From Casetext: Smarter Legal Research

People v. Ramos

Supreme Court, Appellate Division, Second Department, New York.
Aug 29, 2018
164 A.D.3d 922 (N.Y. App. Div. 2018)

Opinion

2016–12888 Ind.No. 16–00064

08-29-2018

The PEOPLE, etc., Respondent, v. Percy RAMOS, Appellant.

Mark Diamond, New York, NY, for appellant. Anthony A. Scarpino, Jr., District Attorney, White Plains, N.Y. (Raffaelina Gianfrancesco and William C. Milaccio of counsel), for respondent.


Mark Diamond, New York, NY, for appellant.

Anthony A. Scarpino, Jr., District Attorney, White Plains, N.Y. (Raffaelina Gianfrancesco and William C. Milaccio of counsel), for respondent.

RUTH C. BALKIN, J.P., ROBERT J. MILLER, SYLVIA O. HINDS–RADIX, VALERIE BRATHWAITE, NELSON, JJ.

DECISION & ORDER

Appeal by the defendant from a judgment of the County Court, Westchester County (Barbara Gunther Zambelli, J.), rendered September 20, 2016, convicting him of criminal possession of a weapon in the second degree, upon his plea of guilty, and imposing sentence. Upon the appeal from the judgment, the duration of the orders of protection issued at the time of sentencing will be reviewed as a matter of discretion in the interest of justice (see CPL 470.15[6][a] ).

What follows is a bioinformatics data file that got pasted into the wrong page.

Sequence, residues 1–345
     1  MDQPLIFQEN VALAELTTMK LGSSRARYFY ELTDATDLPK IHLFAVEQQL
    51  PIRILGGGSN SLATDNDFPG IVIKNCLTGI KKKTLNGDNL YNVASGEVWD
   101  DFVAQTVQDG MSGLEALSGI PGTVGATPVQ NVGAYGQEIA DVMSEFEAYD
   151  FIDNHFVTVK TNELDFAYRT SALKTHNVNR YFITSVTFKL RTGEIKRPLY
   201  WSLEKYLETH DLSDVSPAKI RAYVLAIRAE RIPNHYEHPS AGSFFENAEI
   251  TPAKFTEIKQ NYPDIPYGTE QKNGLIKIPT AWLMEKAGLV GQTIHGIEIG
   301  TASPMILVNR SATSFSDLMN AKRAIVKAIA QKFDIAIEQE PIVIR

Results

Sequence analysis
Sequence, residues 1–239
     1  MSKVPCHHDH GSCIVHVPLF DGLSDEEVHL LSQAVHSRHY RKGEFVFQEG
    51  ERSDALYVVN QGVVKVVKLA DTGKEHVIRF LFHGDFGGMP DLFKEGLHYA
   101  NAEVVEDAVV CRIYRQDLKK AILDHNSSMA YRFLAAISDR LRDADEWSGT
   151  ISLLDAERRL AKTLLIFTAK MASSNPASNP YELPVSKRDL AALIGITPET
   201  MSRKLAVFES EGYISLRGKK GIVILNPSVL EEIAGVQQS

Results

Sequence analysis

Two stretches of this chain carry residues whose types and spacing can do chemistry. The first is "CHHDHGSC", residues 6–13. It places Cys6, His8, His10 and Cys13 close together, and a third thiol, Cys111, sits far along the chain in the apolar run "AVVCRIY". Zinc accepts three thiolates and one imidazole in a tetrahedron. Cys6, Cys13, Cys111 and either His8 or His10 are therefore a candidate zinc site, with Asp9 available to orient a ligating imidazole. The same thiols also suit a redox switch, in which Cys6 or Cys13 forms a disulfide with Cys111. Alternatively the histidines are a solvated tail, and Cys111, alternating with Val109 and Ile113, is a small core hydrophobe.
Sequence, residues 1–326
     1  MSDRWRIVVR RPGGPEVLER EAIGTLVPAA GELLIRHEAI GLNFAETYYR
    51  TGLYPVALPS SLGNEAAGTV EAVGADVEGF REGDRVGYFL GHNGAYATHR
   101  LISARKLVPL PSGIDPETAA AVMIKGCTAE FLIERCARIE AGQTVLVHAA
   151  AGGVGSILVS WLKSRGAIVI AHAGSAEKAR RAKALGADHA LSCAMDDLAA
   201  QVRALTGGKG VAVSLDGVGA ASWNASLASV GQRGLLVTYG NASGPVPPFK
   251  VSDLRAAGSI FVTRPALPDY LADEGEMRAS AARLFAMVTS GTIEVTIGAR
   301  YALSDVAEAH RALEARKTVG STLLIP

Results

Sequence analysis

ORDERED that upon the appeal from the judgment, so much of the orders of protection as directed that they remain in effect until and including September 20, 2037, are vacated, on the law and as a matter of discretion in the interest of justice, and the matter is remitted to the County Court, Westchester County, for a new determination of the duration of the orders of protection consistent herewith; and it is further,

ORDERED that the judgment is affirmed.

The defendant validly waived his right to appeal (see People v. Bradshaw, 18 N.Y.3d 257, 264–267, 938 N.Y.S.2d 254, 961 N.E.2d 645 ; People v. Ramos, 7 N.Y.3d 737, 738, 819 N.Y.S.2d 853, 853 N.E.2d 222 ; People v. Lopez, 6 N.Y.3d 248, 255, 811 N.Y.S.2d 623, 844 N.E.2d 1145 ; People v. Hidalgo, 91 N.Y.2d 733, 735, 675 N.Y.S.2d 327, 698 N.E.2d 46 ; People v. Brown, 122 A.D.3d 133, 142, 992 N.Y.S.2d 297 ). The defendant's valid waiver of his right to appeal forecloses appellate review of his challenge to the factual sufficiency of his plea allocution (see People v. Simpson, 152 A.D.3d 627, 627, 55 N.Y.S.3d 662 ; People v. Smith, 146 AD3d 904, 904 ; People v. Thompson, 143 A.D.3d 1007, 1008, 39 N.Y.S.3d 800 ).